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A Year After Marathon Bombing, Teen 'Stepping Strong' To Help Others

BOSTON (CBS) --- On Marathon Monday 2013, Gillian Reny was an 18-year-old high school senior standing close to the finish line with her parents watching her sister complete the Boston Marathon.

In an instant, her life as she knew it was changed. But Gillian was not.

"What happened, happened," says Gillian, "it was terrible but you can't dwell on that it's not going to get you anywhere."

Gillian is all about moving forward, but admits the events on Boylston Street will never completely go away.

"It would be a lie to say that I don't think about it," she said.

She and her parents were injured watching here sister finish the marathon when the bombs exploded on Boylston Street.

"I lost a lot of muscle so I don't have a lot of strength as a typical calf," Gillian says.

An aspiring dancer, the high school senior almost lost her life. She had serious injuries to both legs - limb threatening to one.

Multiple procedures and weeks at Brigham and Women's Hospital were punctuated by triumphs; like the day she walked on her own for the first time.

With the love of her family and sparkly optimism she fought to keep pace with her senior spring.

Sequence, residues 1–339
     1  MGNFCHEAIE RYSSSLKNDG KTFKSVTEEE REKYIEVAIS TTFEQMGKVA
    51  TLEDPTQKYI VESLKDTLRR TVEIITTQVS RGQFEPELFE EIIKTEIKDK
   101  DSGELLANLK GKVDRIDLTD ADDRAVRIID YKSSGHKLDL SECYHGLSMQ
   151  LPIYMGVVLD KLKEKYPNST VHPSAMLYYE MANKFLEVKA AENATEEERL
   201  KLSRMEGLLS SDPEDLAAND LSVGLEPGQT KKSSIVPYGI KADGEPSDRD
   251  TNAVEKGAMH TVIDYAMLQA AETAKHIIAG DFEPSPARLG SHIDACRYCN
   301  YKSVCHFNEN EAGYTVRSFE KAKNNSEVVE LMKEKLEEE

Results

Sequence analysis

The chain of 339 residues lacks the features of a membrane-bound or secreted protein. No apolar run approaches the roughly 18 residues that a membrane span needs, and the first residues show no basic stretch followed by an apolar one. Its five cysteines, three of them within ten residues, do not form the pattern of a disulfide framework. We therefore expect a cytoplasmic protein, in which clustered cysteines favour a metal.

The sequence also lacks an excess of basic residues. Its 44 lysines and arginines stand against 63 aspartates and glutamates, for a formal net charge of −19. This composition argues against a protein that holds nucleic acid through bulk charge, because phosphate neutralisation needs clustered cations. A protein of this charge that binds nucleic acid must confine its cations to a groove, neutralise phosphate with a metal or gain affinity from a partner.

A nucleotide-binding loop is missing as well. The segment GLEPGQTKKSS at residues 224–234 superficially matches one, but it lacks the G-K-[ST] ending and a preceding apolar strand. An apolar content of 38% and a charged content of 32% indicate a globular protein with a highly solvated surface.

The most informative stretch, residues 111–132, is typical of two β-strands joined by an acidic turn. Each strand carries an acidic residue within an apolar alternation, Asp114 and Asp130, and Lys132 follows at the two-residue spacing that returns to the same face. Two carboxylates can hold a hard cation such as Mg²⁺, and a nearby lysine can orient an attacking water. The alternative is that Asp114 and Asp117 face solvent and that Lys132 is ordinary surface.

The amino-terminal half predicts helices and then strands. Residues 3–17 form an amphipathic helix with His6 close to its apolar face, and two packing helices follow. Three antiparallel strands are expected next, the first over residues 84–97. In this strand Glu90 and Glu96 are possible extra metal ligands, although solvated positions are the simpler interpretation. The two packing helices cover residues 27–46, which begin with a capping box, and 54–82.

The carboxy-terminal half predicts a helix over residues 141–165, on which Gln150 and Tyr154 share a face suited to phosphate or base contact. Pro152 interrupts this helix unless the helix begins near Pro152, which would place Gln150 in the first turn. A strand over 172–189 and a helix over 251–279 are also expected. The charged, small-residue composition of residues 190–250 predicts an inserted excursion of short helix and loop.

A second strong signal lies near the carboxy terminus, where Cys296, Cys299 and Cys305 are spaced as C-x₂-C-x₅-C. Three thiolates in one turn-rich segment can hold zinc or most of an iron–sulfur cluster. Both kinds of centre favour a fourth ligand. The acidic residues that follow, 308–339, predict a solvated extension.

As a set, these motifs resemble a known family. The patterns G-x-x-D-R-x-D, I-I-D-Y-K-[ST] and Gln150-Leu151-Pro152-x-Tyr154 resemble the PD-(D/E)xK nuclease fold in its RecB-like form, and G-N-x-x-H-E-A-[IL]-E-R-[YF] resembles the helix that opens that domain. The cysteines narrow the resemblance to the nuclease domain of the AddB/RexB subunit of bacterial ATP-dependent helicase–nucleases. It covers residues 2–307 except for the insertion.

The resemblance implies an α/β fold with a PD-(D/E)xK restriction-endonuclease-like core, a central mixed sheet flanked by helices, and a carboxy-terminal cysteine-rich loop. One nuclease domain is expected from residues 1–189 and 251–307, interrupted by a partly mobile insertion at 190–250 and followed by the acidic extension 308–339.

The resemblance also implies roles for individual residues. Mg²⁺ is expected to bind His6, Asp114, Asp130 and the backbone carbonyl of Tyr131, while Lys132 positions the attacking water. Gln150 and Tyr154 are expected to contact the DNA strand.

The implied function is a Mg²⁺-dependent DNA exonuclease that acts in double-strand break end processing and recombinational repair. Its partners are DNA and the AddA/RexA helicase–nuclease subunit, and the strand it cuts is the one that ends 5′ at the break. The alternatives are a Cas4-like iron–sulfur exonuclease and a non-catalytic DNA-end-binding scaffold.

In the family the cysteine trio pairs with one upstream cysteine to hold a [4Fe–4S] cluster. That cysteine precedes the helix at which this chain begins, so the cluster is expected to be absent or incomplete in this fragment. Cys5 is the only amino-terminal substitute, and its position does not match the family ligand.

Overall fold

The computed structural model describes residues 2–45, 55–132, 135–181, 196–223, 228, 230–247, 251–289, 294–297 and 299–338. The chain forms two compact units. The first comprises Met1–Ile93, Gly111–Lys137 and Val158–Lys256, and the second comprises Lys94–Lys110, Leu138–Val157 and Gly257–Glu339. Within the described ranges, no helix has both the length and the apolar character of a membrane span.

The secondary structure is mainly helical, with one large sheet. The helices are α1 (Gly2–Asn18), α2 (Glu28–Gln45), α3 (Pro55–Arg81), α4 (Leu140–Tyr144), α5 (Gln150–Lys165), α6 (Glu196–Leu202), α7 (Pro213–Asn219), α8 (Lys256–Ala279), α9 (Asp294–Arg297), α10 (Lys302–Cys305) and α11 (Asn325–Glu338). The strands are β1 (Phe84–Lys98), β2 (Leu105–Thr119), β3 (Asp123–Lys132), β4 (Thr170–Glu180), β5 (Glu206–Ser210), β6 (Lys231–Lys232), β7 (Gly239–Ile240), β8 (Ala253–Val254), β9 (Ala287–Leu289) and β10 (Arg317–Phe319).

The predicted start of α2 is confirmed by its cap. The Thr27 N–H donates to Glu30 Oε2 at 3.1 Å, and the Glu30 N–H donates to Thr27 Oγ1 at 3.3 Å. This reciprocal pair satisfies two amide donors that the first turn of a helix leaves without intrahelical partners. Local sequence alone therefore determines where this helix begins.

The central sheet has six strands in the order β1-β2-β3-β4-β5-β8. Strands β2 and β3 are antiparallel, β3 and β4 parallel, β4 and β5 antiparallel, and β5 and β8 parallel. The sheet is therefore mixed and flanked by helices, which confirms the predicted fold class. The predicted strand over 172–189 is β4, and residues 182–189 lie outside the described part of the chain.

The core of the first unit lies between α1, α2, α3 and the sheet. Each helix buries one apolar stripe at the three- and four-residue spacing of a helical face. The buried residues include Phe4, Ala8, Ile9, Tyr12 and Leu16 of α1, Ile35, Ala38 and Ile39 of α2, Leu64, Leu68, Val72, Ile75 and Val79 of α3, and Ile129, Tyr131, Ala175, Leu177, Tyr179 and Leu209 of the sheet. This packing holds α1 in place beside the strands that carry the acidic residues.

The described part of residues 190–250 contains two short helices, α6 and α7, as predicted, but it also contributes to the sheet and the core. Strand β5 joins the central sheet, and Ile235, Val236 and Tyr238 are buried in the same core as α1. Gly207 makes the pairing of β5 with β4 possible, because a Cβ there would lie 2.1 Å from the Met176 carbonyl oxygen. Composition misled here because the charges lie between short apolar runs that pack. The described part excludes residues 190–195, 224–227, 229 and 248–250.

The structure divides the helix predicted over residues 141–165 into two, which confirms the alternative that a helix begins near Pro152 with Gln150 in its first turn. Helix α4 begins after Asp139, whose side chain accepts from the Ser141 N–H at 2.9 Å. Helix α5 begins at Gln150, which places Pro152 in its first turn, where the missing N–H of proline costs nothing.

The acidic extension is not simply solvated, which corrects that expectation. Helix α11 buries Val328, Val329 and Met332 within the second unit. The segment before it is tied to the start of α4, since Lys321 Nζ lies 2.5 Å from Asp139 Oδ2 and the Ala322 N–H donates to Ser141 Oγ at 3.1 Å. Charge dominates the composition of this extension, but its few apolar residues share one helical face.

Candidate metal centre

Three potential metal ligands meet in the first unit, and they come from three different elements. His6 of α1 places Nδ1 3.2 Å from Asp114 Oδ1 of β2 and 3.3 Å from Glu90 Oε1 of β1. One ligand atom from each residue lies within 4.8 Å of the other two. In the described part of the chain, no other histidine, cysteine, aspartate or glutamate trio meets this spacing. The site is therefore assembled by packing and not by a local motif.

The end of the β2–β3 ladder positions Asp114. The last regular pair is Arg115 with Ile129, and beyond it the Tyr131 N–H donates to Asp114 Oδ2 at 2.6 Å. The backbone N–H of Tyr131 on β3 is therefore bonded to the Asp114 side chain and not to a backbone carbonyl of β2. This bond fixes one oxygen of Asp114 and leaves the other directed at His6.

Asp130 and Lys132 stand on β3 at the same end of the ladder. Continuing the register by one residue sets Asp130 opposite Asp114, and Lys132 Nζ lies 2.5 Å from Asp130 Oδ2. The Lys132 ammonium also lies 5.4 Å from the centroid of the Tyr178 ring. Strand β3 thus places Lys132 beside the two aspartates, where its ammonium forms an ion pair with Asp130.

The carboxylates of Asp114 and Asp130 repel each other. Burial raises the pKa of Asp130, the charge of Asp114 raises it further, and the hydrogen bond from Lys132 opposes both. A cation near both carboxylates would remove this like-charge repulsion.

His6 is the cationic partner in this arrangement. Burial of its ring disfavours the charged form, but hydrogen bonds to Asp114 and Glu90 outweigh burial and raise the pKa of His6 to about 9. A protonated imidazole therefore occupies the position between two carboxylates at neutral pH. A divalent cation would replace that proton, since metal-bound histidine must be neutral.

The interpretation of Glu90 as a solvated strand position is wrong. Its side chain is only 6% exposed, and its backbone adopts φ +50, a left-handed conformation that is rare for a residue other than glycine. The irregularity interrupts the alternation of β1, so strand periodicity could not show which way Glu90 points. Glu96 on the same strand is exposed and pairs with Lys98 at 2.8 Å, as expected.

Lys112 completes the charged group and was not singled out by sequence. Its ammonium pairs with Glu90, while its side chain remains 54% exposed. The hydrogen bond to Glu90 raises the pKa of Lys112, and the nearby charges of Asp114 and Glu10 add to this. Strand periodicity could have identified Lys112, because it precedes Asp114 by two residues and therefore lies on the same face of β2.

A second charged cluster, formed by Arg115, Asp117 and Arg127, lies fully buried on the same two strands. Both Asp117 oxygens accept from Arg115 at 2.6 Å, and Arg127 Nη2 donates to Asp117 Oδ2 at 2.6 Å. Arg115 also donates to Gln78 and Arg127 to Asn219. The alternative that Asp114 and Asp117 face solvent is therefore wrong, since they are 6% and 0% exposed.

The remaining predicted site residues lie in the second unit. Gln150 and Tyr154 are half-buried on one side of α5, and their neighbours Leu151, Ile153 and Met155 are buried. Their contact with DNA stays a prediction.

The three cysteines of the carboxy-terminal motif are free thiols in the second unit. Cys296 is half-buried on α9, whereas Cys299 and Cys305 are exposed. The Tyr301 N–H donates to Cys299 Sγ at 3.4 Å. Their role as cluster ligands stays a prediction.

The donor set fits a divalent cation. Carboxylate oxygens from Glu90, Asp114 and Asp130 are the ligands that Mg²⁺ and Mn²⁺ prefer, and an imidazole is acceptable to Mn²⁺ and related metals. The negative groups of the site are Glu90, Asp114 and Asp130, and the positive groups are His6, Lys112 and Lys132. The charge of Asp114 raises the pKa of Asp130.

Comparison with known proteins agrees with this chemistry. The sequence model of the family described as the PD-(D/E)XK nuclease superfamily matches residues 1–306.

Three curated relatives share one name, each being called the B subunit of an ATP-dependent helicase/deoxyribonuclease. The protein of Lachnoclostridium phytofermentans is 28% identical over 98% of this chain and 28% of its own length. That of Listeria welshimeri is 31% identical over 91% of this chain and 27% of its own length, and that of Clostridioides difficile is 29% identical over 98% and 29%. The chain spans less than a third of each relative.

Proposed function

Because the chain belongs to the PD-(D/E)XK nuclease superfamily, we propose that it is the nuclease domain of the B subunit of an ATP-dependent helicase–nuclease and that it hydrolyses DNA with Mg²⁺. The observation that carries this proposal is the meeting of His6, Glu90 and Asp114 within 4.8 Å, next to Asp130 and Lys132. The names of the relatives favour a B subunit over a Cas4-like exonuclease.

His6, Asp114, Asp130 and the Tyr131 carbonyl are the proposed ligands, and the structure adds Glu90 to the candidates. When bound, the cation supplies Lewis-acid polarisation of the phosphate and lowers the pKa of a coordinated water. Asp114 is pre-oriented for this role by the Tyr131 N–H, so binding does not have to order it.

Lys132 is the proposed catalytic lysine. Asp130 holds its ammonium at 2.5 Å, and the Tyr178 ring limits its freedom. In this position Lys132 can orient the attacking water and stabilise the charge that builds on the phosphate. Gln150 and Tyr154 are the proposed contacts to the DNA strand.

"My friends along with my mom really helped me to go to Prom with all my friends and I made it to graduation," Gillian said.

She gives enormous credit to the physicians who worked so diligently to help her.

"I'd never be here without my amazing doctors - like I can't even talk bout it, I love them so much," Gillian said.

Doctors like plastic surgeon Dr. Christian Sampson, who'll run this year's marathon in her honor still keep in touch.

"We quickly realized with Gillian we were dealing with a young lady who was extremely determined and had just a remarkable family for support," Sampson said.

Mom Audrey was at Gillian's side when she took on the demands of college at the University of Pennsylvania, on time, last fall.

At times, the constant walking on a college campus has been hard.

"It's a lot of fatigue and soreness,"  she said.

The aptly named Gillian Reny Stepping Strong Fund has been set up by her family at Brigham and Women's Hospital to help future patients heal from trauma just as successfully as Gillian.

And at this year's Boston Marathon, her parents and sister will run together.

"I'll be thinking how proud I am of my daughter, and that I'm grateful we can take something bad that happened to our family and turn it into something good," Audrey said.

Meanwhile, Gillian will be cheering on her supporters.

"I'm so proud of everyone and honored that they want to run in my honor and to support the fund which means so much to me," she said.

Gillian hasn't yet decided where she'll be for this year's marathon but she will be stepping strong.

To contribute to the Gillian Reny Stepping Strong Fund at Brigham and Women's Hospital, contact Terry McGowan at tmcgowan@partnersorg or call 617-424-4316. For more information about the Gillian Reny Stepping Strong Fund, go to their website.




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